## §9.1: Low-degree polynomials are reasonable

As anyone who has worked in probability knows, a random variable can sometimes behave in rather “unreasonable” ways. It may be never close to its expectation. It might exceed its expectation almost always, or almost never. It might have finite $1$st, $2$nd, and $3$rd moments, but an infinite $4$th moment. All of this poor behaviour [...]

## §5.4: Degree-1 weight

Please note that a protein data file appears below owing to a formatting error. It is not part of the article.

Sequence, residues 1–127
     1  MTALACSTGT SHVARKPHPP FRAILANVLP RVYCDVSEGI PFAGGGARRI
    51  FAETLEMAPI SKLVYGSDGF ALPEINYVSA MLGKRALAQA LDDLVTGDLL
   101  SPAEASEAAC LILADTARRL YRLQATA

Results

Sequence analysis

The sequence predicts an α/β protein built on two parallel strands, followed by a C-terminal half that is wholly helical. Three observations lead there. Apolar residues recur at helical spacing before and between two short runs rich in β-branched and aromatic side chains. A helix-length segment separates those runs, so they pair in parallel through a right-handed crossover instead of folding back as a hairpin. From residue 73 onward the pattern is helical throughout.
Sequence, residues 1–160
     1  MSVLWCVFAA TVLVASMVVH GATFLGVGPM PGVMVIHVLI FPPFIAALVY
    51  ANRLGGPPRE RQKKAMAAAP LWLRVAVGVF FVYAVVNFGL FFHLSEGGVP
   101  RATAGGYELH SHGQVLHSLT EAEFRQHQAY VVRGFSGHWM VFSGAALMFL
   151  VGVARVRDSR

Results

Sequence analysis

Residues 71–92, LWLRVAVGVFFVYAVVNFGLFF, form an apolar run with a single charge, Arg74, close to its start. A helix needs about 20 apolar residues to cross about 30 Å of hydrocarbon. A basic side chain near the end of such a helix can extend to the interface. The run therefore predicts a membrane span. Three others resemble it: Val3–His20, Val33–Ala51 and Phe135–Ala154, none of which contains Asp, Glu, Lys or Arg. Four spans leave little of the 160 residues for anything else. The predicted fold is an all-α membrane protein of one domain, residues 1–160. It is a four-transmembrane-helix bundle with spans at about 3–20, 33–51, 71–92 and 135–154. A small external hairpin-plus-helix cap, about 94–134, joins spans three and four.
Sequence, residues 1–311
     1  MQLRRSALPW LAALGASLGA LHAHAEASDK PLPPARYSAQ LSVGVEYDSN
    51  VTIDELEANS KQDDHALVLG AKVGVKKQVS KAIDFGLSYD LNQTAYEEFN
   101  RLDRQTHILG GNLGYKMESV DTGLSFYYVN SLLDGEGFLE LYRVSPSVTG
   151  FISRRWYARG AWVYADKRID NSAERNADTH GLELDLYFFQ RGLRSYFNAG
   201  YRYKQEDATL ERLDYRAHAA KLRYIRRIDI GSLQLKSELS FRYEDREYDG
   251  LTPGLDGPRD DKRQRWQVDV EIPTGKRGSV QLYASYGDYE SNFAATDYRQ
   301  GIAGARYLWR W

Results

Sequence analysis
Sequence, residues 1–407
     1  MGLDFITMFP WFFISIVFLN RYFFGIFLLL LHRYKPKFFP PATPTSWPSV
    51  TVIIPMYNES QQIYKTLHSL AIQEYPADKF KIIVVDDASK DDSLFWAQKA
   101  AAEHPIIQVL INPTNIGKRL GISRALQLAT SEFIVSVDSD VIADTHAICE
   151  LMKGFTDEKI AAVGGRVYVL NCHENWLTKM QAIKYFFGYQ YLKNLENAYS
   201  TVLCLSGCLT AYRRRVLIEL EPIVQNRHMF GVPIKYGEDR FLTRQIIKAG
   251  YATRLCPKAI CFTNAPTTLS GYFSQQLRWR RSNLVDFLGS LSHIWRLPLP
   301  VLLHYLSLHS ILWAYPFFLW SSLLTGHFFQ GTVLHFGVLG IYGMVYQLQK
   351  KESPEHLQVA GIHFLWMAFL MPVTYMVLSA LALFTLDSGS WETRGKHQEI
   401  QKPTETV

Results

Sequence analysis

In this section we prove two theorems about the degree-$1$ Fourier weight of boolean functions: $\mathbf{W}^{1}[f] = \sum_{i=1}^n \widehat{f}(i)^2.$

[...]

## §2.5: Highlight: Arrow’s Theorem

When there are just $2$ candidates, the majority function possesses all of the mathematical properties that seem desirable in a voting rule (e.g., May’s Theorem and Theorem 32). Unfortunately, as soon as there are $3$ (or more) candidates the problem of social choice becomes much more difficult. For example, suppose we have candidates $a$, [...]